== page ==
• Short Form-36;
  • functioning;
  • well-being;
  • socioeconomic position;
  • working conditions


Objective: To examine the association between relative body weight and health status and the potential modifying effects of socioeconomic position and working conditions on this association.

Research Methods and Procedures: The data were derived from three identical cross-sectional surveys conducted in 2000, 2001, and 2002. Respondents to postal surveys were middle-aged employees of the City of Helsinki (7148 women and 1799 men, response rate 67%). BMI was based on self-reported weight and height. Health status was measured by the Short-Form 36 subscales and component summaries.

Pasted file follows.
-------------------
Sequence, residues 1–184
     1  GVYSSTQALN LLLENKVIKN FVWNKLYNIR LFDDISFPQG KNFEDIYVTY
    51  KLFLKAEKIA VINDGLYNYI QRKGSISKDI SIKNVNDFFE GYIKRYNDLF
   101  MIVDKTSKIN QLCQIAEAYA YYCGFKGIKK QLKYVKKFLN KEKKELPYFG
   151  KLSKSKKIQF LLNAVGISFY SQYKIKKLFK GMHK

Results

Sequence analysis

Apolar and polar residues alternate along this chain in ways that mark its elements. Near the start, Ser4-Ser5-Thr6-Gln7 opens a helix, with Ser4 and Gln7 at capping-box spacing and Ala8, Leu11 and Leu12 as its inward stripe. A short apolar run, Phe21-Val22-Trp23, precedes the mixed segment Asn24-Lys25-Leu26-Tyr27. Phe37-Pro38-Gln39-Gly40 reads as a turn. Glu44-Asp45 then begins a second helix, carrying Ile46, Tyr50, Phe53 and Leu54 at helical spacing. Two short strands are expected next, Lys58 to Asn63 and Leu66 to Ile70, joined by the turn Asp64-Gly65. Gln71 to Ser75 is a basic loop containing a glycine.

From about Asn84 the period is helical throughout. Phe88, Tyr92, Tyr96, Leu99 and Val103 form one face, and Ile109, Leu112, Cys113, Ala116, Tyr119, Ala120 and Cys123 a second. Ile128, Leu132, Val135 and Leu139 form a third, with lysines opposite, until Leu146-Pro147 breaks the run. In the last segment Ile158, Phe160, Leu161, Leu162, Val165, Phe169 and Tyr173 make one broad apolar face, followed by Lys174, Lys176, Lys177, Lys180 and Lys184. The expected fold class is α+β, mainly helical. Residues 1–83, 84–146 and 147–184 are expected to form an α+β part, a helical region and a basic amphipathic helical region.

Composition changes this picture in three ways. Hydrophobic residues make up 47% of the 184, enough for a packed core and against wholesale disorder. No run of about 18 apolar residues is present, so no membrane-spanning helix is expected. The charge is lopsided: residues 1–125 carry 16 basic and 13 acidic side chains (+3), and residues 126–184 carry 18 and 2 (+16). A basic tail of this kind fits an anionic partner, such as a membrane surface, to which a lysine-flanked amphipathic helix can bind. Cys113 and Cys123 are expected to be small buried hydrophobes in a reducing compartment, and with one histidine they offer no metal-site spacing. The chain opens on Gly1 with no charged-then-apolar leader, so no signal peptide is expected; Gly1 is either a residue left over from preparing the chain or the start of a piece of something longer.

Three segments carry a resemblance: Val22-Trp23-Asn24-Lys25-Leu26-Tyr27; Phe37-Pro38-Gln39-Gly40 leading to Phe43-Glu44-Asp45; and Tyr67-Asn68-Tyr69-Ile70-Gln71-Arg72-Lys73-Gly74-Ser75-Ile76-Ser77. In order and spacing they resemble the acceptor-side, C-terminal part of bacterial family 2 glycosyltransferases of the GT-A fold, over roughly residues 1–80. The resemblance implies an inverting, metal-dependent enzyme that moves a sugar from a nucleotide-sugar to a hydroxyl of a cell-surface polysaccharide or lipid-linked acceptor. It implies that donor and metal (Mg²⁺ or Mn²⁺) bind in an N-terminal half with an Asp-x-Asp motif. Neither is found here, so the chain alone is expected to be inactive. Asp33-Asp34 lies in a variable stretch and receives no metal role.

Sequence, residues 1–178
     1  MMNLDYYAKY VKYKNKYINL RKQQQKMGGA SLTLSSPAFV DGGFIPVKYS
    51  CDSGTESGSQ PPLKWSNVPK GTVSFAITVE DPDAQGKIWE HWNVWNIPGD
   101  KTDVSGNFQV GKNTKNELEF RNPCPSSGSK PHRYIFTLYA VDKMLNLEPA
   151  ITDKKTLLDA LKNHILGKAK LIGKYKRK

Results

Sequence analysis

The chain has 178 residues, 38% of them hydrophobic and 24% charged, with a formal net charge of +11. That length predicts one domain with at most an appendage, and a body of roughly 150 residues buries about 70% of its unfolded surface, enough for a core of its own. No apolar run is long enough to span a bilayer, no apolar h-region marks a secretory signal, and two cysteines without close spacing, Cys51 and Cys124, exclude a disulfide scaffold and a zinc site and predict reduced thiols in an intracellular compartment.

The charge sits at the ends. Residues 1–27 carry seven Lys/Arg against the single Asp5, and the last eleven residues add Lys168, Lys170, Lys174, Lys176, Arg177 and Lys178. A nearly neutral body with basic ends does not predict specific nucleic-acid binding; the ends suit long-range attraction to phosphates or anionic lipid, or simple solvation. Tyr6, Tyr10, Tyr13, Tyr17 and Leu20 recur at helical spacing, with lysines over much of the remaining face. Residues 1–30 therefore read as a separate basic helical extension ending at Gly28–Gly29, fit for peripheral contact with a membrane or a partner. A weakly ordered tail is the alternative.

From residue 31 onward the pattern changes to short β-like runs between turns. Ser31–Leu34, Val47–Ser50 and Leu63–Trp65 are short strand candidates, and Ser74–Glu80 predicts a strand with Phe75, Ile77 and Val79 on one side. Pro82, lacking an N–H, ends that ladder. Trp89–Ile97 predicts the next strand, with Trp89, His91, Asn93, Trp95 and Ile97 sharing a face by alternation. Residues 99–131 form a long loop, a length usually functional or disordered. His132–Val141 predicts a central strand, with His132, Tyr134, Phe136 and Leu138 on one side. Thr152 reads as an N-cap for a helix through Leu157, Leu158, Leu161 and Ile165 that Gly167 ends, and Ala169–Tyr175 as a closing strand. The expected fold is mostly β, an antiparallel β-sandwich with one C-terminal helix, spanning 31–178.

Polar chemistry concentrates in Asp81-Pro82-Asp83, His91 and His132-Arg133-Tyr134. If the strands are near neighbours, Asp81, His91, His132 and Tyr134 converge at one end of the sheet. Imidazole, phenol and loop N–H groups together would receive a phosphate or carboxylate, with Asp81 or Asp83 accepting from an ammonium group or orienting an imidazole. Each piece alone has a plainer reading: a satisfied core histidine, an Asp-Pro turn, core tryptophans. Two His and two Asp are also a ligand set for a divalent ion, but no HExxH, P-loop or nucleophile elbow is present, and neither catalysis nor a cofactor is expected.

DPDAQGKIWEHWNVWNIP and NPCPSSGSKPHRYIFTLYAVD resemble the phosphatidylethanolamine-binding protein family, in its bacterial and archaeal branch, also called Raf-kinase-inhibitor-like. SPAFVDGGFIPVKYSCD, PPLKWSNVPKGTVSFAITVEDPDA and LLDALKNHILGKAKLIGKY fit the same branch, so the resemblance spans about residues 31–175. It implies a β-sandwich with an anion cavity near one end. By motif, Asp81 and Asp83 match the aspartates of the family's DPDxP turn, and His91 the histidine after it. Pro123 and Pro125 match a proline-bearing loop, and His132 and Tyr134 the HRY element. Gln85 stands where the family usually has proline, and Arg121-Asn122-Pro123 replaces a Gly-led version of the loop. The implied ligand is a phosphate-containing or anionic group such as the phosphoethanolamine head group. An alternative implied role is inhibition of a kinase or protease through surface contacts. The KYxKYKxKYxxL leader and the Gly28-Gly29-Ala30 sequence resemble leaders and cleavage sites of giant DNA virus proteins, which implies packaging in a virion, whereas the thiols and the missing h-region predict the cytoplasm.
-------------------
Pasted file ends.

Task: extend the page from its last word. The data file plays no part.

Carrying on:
Results: Body weight was inversely associated with physical health, but in mental health, differences between BMI categories were small and inconsistent. In women, physical health deteriorated monotonically with increasing BMI, whereas in men, poor physical health was found among the obese only. Socioeconomic position did not modify the association between BMI and health. In women, the association between body weight and physical health became stronger with decreasing job control and increasing physical work load, whereas in men, a similar modifying effect was found for high job demands.

Discussion: Body weight was associated with physical health only. Lower levels of relative weight in women than in men may be associated with poor physical health. High body weight combined with adverse working conditions may impose a double burden on physical health.